Instead of using a "monochrome" print head squirting only one type of "ink" what if we used a "tri-color" print head and cartridge? One ink in the cartridge would be a thin "conductive ink," the second would be an "insulating ink" and the third could be "case ink" a kind of liquid plastic in the desired color (or clear) for the outer case of an i-Pod?

We can buy a number of high-resolution inkjets at Wal*Mart today for about $30-$130.
How much would adding a third-dimension (layering) cost? Imagine buying a "Lexmark Replicator Z-72" or an "HP build-jet" that prints in progressive layers.

Yes, there are issues to be solved, but they're all solvable with existing technology. Economics will determine the capabilities of the first mass-produced consumer grade Digital Fabrication Devices (DFD).

Computer! Make me Earl Grey, hot, lightly sweetened.

Friday, April 21, 2006

Why blog? Freedom.

I didn't care that much about blogs until it became clear Congress wanted the power to regulate blogs as political speech. Suddenly, a personal freedom about to be taken away became valuable.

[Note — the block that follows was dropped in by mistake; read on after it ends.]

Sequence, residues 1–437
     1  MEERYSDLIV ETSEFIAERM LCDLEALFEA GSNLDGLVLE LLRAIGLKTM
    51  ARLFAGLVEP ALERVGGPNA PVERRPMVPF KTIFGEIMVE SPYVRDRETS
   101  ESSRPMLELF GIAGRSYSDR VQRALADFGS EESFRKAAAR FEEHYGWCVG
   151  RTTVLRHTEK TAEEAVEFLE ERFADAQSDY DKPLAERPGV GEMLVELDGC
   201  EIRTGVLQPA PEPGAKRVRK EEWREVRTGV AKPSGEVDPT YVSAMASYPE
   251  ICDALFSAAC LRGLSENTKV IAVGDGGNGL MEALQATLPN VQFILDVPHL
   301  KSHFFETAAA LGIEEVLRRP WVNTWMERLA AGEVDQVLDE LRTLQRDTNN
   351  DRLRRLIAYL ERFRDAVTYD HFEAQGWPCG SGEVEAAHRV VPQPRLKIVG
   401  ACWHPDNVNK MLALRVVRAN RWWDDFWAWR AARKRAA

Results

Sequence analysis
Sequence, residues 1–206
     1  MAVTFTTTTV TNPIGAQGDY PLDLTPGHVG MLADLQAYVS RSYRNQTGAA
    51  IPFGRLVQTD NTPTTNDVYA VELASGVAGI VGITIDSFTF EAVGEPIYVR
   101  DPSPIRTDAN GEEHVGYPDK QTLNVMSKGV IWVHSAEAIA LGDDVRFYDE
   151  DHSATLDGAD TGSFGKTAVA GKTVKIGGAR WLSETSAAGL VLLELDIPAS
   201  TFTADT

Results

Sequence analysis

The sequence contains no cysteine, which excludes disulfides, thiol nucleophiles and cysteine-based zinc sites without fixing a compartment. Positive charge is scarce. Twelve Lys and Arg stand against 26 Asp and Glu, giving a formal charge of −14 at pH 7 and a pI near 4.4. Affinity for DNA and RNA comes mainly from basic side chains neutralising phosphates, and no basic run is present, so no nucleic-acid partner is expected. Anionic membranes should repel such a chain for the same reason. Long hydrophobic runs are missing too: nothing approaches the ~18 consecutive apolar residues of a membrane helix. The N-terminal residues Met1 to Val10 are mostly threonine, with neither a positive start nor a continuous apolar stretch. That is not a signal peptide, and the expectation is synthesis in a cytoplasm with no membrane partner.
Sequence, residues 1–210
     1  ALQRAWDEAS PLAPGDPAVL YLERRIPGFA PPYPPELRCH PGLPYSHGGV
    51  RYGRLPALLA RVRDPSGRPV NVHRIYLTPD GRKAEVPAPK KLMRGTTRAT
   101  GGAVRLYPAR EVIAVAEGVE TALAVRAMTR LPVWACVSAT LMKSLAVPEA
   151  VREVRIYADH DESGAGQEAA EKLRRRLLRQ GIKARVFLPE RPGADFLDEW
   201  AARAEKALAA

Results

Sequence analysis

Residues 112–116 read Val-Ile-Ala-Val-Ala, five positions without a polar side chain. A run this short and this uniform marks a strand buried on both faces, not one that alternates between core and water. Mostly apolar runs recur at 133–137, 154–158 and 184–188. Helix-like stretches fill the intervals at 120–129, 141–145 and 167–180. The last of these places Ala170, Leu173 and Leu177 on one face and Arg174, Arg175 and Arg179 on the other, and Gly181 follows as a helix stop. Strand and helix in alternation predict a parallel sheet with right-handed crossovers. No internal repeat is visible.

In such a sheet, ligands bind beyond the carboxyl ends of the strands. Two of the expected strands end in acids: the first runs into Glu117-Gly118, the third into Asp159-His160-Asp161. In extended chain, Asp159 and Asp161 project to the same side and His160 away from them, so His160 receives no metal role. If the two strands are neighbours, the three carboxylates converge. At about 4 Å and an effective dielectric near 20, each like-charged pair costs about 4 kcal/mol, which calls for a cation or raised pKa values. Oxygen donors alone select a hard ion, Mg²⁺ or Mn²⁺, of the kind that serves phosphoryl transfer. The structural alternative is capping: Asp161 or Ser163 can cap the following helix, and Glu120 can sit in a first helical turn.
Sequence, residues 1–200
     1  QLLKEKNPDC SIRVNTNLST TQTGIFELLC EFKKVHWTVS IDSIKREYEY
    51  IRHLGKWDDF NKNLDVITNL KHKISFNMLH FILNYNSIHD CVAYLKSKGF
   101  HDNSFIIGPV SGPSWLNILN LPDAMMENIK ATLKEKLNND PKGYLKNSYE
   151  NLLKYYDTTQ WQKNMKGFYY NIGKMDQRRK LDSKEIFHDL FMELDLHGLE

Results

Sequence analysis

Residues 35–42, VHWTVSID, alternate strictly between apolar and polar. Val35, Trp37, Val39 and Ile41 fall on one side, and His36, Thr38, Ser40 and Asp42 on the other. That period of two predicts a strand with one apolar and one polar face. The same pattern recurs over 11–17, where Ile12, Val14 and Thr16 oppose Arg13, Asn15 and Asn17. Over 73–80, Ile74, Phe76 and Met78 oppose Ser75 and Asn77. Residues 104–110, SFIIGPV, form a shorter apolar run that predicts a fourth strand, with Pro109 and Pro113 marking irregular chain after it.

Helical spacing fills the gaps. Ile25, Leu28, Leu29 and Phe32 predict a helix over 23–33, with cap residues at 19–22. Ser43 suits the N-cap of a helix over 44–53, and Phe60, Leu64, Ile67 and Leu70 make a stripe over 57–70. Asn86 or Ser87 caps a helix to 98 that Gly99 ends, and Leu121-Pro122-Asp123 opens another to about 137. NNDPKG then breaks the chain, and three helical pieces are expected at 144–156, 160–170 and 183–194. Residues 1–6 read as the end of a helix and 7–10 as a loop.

I have good news.

At this time, it looks like Congress won't require a three day waiting period, a written application and a background check for permission to exercise my Constitutional right to free speech.

Still, the attempt *is* disturbing. How many would execise their dwindling second amendment rights to protect their dwindling first amendment rights?

In my case, I'm a little too soft, wimpy and comfortable to feel comfortable contemplating my own answer.

Sunday, April 16, 2006

Here is a picture of Beluga Point, in Anchorage, Alaska. I feel very blessed to live and raise a family here. To get a perspective of size, notice two people on the beach, just to the right of tree.

Saturday, April 15, 2006

Nothing of Value in My Computer:

I'm still amazed. A middle-aged client I respected revealed that she did not protect her computer at home. She works for a government security organization and I know she "telecommutes." Needless to say, my jaw just about dropped to the the floor.

"I'm shocked. How can you work where you do and not bother to secure your computer in this day and age?"

"There's nothing of value on my computer."

I decided to ask her a few questions to illustrate for her if she "had anything valuable."

Do you have broadband?

What are your computer specs?
"Athlon 2 GHZ, 512mb RAM, 350gb hard disk."